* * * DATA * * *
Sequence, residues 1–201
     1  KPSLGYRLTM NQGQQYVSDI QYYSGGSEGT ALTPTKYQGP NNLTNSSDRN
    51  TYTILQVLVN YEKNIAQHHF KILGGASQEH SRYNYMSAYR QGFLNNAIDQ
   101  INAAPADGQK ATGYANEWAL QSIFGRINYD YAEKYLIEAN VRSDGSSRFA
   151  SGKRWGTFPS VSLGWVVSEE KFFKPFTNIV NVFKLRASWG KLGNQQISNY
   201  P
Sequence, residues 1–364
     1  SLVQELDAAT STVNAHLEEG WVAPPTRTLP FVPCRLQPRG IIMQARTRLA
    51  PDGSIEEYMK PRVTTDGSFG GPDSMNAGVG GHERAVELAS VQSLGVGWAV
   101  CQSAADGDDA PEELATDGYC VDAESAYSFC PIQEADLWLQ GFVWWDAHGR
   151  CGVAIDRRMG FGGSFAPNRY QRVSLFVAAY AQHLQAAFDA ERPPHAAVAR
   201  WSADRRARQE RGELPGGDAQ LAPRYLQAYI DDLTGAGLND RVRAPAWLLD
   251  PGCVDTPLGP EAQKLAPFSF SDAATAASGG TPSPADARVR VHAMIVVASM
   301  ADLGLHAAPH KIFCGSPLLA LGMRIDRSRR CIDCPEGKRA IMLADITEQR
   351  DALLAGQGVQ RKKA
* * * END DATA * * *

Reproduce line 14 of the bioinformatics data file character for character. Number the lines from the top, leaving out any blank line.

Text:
   301  ADLGLHAAPH KIFCGSPLLA LGMRIDRSRR CIDCPEGKRA IMLADITEQR